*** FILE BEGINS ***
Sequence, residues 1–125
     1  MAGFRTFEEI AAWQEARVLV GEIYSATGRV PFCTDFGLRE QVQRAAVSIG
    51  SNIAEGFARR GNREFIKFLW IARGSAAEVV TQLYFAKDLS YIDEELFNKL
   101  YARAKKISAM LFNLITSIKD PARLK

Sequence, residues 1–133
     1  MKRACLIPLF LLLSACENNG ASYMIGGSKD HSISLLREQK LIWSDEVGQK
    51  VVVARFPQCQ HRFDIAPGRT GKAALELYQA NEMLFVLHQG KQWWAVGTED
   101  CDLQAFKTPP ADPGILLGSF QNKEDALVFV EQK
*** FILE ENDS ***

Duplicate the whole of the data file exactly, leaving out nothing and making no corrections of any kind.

Sequence, residues 1–125
     1  MAGFRTFEEI AAWQEARVLV GEIYSATGRV PFCTDFGLRE QVQRAAVSIG
    51  SNIAEGFARR GNREFIKFLW IARGSAAEVV TQLYFAKDLS YIDEELFNKL
   101  YARAKKISAM LFNLITSIKD PARLK

Sequence, residues 1–133
     1  MKRACLIPLF LLLSACENNG ASYMIGGSKD HSISLLREQK LIWSDEVGQK
    51  VVVARFPQCQ HRFDIAPGRT GKAALELYQA NEMLFVLHQG KQWWAVGTED
   101  CDLQAFKTPP ADPGILLGSF QNKEDALVFV EQK